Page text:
Here's how to service connect sleep apnea.

Sleep Apnea Graphic 2The short answer is yes.

But it seems like the VA Regional Offices and BVA struggle with sleep apnea claims.

Perhaps until they have spent a night with someone that suffers from obstructive sleep apnea, hear the suffocating snoring,  experience the fear that the person will stop breathing altogether, they will continue to not take seriously claims for sleep apnea.

In any event, I don't believe that a VA Claim needs to be as hard as the VA makes them.  

That's one of the unique things about this Veterans Law Blog.

I have analyzed several Board of Veteran Appeals (BVA) decisions, to come up with some sort of theme as to how the BVA grants or denies service connection for sleep apnea.

First, it is important to recognize some of the different types of sleep apnea.

  • "Obstructive sleep apnea" is (over-simplified)  the result of an obstructed airway or physical blockage of the airway during sleep.
  • "Central Sleep Apnea" is (over-simplified) a function of mixed signals from the brain to the breathing muscles.
  • "Complex sleep apnea" is (over-simplified) some combination of the Central and Obstructive Sleep Apnea.

Once you know what type of sleep apnea you are dealing with , this should lend some clarity as to how to service connect the condition. Here are the 2 primary ways to service connect Sleep Apnea:


Diagnosis in service.

The easiest way to service connect sleep apnea is to have a diagnosis of the condition in-service and a current diagnosis of the condition.

I've read decisions where the Board seemed to have difficulty with mere symptoms of sleep apnea in service, but seemed to be  persuaded by some combination of medical complaints of sleep disorders in service, obstructed airways, and some related treatment in service.

Continuity of Symptomatology.

Most service medical records do not contain a diagnosis of sleep apnea, but appear to contain references to the symptomatology of sleep apnea or sleep disorders.  If this is the case, then continuity of symptomatology (post-service), as well as chronicity, should be enough to convince the BVA (or the Court of Appeals for Veterans Claims) to service-connect the sleep apnea.  The symptoms of sleep apnea seem to be symptoms that a non-medical "lay" witness can observe and comment on - difficult falling asleep, restless sleep, loud snoring, etc.  Ask your spouse or significant other to write a statement of the symptoms of sleep apnea they observed from the end of your military service until the date of the claim.  In a sleep apnea claim, especially, it is important to have no long breaks of time where there are no symptoms or medical complaints.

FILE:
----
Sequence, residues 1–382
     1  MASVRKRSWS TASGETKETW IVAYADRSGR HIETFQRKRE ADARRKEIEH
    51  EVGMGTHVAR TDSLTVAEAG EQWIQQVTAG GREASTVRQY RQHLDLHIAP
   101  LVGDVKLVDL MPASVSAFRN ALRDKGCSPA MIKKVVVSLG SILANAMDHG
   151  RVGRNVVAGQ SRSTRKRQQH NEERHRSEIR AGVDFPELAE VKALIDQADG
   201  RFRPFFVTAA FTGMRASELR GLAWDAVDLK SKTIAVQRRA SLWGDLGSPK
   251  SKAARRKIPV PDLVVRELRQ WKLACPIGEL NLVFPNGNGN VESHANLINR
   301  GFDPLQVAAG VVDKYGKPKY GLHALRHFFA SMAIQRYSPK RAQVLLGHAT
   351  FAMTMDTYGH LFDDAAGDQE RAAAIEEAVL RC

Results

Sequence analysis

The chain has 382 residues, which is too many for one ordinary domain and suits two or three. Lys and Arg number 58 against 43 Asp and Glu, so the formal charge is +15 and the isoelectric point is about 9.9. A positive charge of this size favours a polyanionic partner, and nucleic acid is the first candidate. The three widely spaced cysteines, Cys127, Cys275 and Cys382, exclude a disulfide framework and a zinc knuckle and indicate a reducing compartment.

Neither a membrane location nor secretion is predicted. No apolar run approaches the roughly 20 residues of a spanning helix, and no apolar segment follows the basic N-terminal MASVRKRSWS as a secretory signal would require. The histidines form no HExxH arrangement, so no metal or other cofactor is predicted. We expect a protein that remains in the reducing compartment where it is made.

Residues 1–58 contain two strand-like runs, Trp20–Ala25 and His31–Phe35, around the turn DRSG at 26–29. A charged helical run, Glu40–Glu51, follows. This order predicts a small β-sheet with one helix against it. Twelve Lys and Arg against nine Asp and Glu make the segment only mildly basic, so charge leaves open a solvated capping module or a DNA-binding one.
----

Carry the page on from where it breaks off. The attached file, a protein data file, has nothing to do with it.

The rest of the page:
Note: Since the decision in Walker v. Shinseki, 708 F.3d 1331 (2013), continuity of symptomatology as a manner of proving service connection is no longer a valid method unless the condition is listed on the list of conditions at 38 CFR 3.303 (b). Sleep apnea is not on this list.


Secondary Service Connection (&/or Aggravation).

Sleep apnea can be the result of other disorders or medical conditions.   It can also be incidental to, but not caused by, other medical conditions.

For example, peripheral neuropathy can lead to waking up throughout the night - as does sleep apnea.

Absent a medical expert opinion showing that the neuropathy caused the sleep apnea, the sleep apnea (in that case) may well just be an incidental diagnosis.

Many conditions are believed to cause or result in sleep apnea symptoms.  Any nasopharyngeal (nose and throat) abnormalities that reduce the openings of the airways "can" lead to an apnea condition.

Rhinitis is a common condition that can lead to sleep apnea.  

PTSD and Depression can be the cause of sleep apnea.  

Depression and dysthmia can be the result of sleep apnea, as well, due to the lack of sleep and its impact on the mood.

Heart Disease is a leading cause of Central Sleep Apnea.

Strokes have been known to cause central sleep apnea as well.

There is also a mounting body of evidence that suggests a causative relationship between Traumatic Brain Injury (TBI) and many sleep disorders, including sleep apnea.

Of course, to prove secondary service-connection, the Veteran will need to prove, or service-connect, the first condition.

A medical expert report or opinion may be crucial to providing the key linkage in this type of claim.

Once you are service-connected for sleep apnea, the VA will rate your sleep apnea condition using DC 6847.

Do you want to know how the VA views a "Sleep Apnea" claim?
I'm about to Publish an eBook telling YOU how!

We're still a few weeks away from publishing, but  share your name and email with me, and I'll tell you  how to get a Pre-Release Discount!

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